Sunday, August 31, 2008
Walking the Line
Back in the day, our area in Idaho was connected by a train line—of course, everywhere was connected by trains. The line ran from Weiser, 40 odd miles southwest of here, to New Meadows, 40 odd miles northeast. Weiser, which sits right next to the Snake River (also the Oregon border) is known for its annual fiddle festival, held every June. New Meadows isn’t known for too much—probably not well known for Meadow Valley days, held each Labor Day weekend, & which we drove through yesterday on our way to McCall. But New Meadows is the home of the last surviving Pacific & Idaho Northern Railroad Depot, which is on the National Historic Register.
Anyhoo, the local rail line was the Pacific & Idaho Northern Railroad, or the PIN as locals apparently called it. The first spike of the PIN line was driven in Weiser in 1899; the last spike was driven in New Meadows in 1911. Along the way, the line served the Seven Devils mines, the Mesa Orchards (& other local orchards, including ones in Council), & even provided transportation for the local baseball league—the so-called PIN league, founded in 1916.
The line closed in 1995—the train had already stopped going as far as New Meadows in 1979, stopping after that at Rubicon, which isn’t an incorporated town, but one of the many named “settlements” along the rail corridor. Many things associated with the PIN line are now things of the past—the Mesa Orchards, the Seven Devils mining operations, a lot of the local timber industry—& of course the PIN league. In 1997, the rail bed was deeded to the Friends of the Weiser Trail as part of the “Rails-to-Trails Conservancy.” The trail now stretches from Weiser to Rubicon, ready for hikers, bicyclists & horseback riders. It is true that the southern stretch of the trail is in the best condition; north of Council the trail is still being developed, though it’s certainly usable.
The trail didn’t come to the area without some controversy. The railroad had run its right-of-way through ranches & even backyards, & Idaho is a state where the residents have a very strong sense of personal property rights. It’s also possible that some of the actions by the folks backing the trail were perceived as high-handed or unreasonable. There were times when residents barricaded certain sections of the trail, trying to restrict access to it, & intimidating some potential users; there may also have been times when hikers haven’t been responsible about closing pasture gates; there may, too, have been times when some historic points of access for farm equipment weren’t respected. How this all shakes out I can’t say, because I only know these things by hearsay, & I also have the (probably annoying) tendency to see both sides of a story. It is true that Eberle & I avoided walking the trail for some time because the controversy seemed a bit overwhelming.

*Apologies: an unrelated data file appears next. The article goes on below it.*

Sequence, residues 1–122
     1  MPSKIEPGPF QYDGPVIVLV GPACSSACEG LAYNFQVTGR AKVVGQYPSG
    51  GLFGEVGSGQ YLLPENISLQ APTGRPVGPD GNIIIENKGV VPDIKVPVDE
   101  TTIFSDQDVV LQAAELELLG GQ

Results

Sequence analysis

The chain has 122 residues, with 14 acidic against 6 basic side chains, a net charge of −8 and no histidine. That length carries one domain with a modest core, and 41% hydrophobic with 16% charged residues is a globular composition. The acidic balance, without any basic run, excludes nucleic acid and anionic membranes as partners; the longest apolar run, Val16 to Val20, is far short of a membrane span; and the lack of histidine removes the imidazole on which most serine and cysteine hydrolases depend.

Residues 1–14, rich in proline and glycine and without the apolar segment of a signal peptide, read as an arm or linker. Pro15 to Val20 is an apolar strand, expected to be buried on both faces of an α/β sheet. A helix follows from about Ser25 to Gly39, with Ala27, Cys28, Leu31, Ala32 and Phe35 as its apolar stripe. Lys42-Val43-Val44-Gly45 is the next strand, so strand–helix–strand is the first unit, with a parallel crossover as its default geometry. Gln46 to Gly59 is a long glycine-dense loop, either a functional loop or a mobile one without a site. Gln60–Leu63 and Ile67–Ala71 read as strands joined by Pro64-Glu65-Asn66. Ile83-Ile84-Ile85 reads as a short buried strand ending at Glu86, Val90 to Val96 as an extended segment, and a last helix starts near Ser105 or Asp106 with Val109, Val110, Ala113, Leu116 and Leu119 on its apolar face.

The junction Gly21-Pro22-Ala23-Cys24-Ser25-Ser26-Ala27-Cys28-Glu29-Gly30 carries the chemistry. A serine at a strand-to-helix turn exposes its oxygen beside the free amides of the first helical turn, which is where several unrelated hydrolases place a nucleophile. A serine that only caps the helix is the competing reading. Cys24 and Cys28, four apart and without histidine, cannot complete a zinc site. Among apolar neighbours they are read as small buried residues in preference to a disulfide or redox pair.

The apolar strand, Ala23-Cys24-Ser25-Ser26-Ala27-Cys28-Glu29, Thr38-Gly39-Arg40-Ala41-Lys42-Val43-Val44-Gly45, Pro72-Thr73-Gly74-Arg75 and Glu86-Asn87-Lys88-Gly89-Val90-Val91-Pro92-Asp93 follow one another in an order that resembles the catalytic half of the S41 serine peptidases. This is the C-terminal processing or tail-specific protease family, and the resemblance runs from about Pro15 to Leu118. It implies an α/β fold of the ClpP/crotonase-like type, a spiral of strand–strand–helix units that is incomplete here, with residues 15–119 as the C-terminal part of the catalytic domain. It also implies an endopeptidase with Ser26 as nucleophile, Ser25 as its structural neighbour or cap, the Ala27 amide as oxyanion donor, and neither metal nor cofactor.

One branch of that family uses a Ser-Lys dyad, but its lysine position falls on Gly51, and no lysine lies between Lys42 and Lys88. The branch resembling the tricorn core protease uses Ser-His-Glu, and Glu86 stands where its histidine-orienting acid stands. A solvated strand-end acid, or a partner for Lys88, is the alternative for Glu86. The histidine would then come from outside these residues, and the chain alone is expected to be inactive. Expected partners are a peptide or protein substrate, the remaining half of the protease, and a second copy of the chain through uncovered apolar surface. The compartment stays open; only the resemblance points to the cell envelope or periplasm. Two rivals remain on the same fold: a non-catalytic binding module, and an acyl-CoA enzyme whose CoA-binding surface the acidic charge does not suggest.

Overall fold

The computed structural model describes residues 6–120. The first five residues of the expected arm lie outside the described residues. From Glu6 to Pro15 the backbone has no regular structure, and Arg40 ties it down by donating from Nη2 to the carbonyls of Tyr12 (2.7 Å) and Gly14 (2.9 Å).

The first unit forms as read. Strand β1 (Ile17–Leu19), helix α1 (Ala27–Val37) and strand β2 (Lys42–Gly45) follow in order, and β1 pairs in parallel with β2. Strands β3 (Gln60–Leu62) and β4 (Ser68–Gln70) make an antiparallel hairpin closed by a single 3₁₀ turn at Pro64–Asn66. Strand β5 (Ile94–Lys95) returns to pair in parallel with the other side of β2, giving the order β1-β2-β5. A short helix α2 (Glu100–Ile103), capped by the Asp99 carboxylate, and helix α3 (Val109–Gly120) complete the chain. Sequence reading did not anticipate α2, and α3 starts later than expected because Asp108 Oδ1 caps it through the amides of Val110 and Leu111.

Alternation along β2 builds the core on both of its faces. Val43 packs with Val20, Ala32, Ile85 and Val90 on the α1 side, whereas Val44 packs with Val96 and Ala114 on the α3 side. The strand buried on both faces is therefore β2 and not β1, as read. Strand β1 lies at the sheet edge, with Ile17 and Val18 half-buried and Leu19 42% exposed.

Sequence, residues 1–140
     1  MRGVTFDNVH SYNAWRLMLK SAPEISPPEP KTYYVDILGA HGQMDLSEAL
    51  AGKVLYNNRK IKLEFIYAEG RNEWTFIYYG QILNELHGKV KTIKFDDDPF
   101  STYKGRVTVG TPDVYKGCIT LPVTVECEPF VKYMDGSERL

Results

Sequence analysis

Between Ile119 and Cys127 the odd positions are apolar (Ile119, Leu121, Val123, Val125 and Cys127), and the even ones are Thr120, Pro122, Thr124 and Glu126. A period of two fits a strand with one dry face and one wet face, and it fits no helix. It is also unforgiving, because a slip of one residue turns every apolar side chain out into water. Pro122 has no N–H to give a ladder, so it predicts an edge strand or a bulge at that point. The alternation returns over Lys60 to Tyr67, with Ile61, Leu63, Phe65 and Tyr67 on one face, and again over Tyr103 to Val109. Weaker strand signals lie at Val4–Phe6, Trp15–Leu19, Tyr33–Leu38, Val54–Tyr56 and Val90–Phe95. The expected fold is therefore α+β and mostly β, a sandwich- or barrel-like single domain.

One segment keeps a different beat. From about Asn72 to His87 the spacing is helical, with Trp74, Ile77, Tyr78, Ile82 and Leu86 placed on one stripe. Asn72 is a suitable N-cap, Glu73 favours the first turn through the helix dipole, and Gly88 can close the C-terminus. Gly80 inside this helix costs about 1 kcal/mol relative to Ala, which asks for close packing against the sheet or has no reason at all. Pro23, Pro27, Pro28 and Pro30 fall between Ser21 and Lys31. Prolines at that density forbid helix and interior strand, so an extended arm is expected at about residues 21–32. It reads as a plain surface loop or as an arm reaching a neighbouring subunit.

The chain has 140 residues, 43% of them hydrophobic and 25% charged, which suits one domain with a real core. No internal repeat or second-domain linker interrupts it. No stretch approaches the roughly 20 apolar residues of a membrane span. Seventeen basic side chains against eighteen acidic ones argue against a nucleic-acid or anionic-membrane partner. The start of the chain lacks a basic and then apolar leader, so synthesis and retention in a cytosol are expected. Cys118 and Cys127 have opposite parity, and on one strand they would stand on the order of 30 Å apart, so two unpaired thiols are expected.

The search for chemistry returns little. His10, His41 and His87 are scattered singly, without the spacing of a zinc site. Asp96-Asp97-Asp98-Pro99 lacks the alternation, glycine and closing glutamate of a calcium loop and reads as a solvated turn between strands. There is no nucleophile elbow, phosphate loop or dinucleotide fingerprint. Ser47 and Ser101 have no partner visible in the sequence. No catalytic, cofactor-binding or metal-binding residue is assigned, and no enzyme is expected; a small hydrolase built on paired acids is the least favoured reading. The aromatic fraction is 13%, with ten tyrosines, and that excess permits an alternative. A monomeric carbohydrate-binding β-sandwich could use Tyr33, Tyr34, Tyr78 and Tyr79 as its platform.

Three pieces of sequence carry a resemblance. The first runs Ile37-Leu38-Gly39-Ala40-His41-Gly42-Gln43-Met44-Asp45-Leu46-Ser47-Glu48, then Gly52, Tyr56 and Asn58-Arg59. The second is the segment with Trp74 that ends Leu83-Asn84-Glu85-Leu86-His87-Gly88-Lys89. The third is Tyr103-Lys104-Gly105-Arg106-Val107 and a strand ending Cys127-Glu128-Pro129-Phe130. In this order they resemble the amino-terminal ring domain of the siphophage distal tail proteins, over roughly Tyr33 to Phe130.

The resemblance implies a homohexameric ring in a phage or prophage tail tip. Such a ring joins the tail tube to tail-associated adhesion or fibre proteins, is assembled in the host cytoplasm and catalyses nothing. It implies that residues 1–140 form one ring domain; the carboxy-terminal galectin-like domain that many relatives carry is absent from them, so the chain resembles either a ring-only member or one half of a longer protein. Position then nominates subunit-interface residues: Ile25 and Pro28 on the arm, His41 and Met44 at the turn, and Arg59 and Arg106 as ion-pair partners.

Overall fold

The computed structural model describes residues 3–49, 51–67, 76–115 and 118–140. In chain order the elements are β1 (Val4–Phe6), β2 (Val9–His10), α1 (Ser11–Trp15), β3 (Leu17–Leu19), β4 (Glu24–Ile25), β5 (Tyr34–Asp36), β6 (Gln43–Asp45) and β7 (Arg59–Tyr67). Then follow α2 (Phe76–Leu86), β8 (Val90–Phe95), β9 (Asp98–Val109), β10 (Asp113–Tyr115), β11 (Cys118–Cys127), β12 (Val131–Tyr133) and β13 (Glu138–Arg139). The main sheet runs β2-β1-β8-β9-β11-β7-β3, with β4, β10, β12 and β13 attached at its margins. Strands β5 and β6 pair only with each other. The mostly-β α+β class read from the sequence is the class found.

But yesterday, as a sort of early anniversary celebration, we did walk the trail in Council—not sure how far we went, but we started at the parking lot near Hornet Creek Rd & went on to mile marker 61—apparently a stop that was once used to pick up fruit from the Council orchards. The mile marker there (seen in the pic below) is interesting in that it’s fashioned from two railroad spikes.
It was a gorgeous walk—we followed a large flock of blackbirds north up the trail. The apple trees were in fruit along the way (quite possibly seeded from apples once carried by rail from Mesa Orchards—there are lots of apple trees in this area that came from those seeds); the serviceberries were also holding their dark blue berries, & sunflowers & mulleins were in bloom. The sun was hot on what will probably be one of the last real summer days—it’s cool & drizzly this morning. We walked until we stood for a while in the shade of an old willow, looking at the old barns on both sides of the tracks, watching the blackbirds as they retreated before our approach—sometimes forming a long line across the power lines stretched over the trail. The trail is a fun walk, & for someone like me who’s no longer physically “up” to real hikes, it’s ideal, because in any given stretch there’s not much of a grade.
Later as we drove toward McCall, we saw a mountain biker getting on the trail near the old Fruitvale post office, & also a couple of women hiking the more rugged stretch near Rubicon. It’s a different world now, with hikers & mountain bikes, & no trains….
If you’re interested in the Weiser River Trail, check out the following: Friends of the Weiser River Trail (this one is under construction, but has some info); Rails-To-Trails Conservancy; the Idaho Department of Fish & Game; & check out the excellent book on the PIN line, which is available through local historian Dale Fisk’s website (he also has info & mp3’s for his two bands, Hotwire & Highway 95). I got some info for this posting from the P&IN book by Dale & his co-author Don Dopf.
The photo at the top of this post was taken by Eberle Umbach.